CHARLESTON, W.Va. – The West Virginia Department of Agriculture (WVDA) took part in a three-day, multi-state emergency response exercise November 16-18. The Foreign Animal Disease Southern Agriculture Functional Exercise (FAD SAFE) was sponsored by the United States Department of Agriculture (USDA) and included the Departments of Agriculture of Alabama, Florida, Georgia, Kentucky, Louisiana, Mississippi, Oklahoma, South Carolina, Texas, Virginia and West Virginia.
“We have not seen Foot and Mouth Disease in the United States in nearly 100 years. Regardless, it is one of the worst potential diseases that could afflict the United States,” said Commissioner of Agriculture Kent Leonhardt. “I am proud that the WVDA continues to further our emergency response capabilities in order to protect our farmers and agricultural commerce.”
The exercise allowed states to work together as a simulated case of Food and Mouth Disease (FMD) spread from Georgia throughout the southern U.S. including West Virginia. The exercise challenged the WVDA staff to set up a simulated Incident Command System to work through the specifics of how to handle a potentially devastating animal disease from halting the transport of animals and working with other state agencies, to testing suspected cases of the disease and informing the public about the outbreak and how it would impact the state.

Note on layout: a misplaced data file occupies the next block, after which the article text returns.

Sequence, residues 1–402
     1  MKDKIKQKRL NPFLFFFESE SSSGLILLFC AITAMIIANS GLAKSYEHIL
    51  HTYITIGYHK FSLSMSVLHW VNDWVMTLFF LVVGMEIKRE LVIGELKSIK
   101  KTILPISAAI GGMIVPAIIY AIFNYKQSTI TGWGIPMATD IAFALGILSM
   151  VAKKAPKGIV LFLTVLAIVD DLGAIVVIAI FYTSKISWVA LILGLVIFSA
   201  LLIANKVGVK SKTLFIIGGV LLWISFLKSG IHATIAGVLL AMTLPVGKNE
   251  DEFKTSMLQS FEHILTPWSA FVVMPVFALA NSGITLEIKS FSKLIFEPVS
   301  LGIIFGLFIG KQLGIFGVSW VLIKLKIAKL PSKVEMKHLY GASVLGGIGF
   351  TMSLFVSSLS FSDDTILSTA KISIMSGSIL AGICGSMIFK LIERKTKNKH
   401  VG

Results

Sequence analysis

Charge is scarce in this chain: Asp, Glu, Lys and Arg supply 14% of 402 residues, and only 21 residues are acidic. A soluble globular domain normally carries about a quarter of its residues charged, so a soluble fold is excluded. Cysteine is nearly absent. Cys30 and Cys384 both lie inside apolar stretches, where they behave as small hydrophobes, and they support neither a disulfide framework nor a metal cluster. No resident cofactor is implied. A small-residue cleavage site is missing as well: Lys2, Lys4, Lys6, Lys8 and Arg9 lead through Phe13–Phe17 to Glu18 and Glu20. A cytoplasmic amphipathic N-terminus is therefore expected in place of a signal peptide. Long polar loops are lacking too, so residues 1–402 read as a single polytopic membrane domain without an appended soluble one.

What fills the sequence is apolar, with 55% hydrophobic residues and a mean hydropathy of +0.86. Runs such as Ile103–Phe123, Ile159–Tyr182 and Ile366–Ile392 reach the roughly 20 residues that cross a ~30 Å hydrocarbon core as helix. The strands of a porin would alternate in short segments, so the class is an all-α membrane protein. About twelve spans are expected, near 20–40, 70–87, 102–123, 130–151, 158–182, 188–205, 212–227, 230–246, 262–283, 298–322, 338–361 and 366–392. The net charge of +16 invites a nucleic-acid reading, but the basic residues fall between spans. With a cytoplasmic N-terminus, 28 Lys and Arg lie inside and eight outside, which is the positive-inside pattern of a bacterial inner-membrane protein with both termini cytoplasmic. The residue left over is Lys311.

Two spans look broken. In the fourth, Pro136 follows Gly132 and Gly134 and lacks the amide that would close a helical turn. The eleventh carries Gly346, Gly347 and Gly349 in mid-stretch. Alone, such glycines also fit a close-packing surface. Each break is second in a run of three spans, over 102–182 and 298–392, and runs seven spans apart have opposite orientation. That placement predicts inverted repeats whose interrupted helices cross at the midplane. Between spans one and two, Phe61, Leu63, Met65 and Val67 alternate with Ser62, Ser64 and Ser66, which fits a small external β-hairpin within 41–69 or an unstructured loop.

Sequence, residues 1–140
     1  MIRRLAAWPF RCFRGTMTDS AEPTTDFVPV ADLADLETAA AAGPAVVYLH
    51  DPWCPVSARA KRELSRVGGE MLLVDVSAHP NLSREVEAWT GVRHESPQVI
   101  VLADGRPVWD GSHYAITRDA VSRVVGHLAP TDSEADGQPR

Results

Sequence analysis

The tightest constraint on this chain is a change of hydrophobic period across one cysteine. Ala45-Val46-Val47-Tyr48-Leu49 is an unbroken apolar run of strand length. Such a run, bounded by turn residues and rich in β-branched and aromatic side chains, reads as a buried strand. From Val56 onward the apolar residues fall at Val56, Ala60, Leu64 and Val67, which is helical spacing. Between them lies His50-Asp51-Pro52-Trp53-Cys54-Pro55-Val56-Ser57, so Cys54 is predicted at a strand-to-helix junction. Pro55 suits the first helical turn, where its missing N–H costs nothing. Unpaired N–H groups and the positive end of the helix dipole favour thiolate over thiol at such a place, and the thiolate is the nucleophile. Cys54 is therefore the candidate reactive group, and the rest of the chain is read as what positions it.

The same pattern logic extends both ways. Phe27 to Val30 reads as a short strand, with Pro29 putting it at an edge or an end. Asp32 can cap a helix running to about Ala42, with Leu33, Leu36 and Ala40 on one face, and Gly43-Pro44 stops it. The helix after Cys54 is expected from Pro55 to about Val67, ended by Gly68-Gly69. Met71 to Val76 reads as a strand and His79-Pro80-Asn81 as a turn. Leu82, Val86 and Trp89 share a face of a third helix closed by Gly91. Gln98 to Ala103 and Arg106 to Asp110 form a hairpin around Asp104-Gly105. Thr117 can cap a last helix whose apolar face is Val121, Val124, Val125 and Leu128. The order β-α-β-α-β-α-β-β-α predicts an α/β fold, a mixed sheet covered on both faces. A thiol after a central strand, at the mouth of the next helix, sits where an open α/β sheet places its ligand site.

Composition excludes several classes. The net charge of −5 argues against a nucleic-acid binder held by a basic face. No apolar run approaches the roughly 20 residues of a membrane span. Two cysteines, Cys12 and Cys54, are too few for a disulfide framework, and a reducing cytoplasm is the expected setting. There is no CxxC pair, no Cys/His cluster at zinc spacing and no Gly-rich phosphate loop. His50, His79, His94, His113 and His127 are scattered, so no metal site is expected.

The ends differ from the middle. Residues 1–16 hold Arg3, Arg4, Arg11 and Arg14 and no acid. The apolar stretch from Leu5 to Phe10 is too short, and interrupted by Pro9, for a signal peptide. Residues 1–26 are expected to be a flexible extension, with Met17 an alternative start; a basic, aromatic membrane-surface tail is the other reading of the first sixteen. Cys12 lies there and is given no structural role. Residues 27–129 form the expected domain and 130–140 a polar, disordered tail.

The exercise simulated an outbreak of FMD, a severe and highly contagious viral disease. FMD causes illness in cows, pigs, sheep, goats, deer and other animals with divided hooves. It does not affect horses, dogs or cats. FMD is not a public health or food safety threat.
“We learned a lot over the three-day exercise and now understand how we can improve our internal capabilities. In addition, we had good conversation with partners on how we can better coordinate efforts and resources if we ever had to respond to a situation,” said State Veterinarian Dr. James Maxwell. “Our next step is to evaluate our standard operating procedures and plans and make the appropriate adjustments.”
WVDA staff have gone through extensive Incident Command System training over the past several years to prepare for training exercises and potential disease outbreaks.